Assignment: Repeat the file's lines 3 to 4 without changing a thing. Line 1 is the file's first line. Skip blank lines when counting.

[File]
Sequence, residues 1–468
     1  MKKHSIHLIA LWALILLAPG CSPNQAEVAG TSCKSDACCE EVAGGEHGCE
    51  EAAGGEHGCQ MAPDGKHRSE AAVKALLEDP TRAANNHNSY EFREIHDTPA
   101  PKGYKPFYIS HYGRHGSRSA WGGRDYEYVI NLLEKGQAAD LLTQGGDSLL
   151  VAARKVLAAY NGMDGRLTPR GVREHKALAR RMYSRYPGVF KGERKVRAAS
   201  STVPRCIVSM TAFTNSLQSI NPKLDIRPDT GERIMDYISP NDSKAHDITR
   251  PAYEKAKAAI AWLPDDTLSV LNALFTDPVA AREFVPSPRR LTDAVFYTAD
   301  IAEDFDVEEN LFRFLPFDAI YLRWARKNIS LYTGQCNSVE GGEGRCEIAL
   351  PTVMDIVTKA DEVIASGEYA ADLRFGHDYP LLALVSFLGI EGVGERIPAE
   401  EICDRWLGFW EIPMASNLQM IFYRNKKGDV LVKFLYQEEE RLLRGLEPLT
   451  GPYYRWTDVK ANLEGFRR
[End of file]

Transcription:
    51  EAAGGEHGCQ MAPDGKHRSE AAVKALLEDP TRAANNHNSY EFREIHDTPA
   101  PKGYKPFYIS HYGRHGSRSA WGGRDYEYVI NLLEKGQAAD LLTQGGDSLL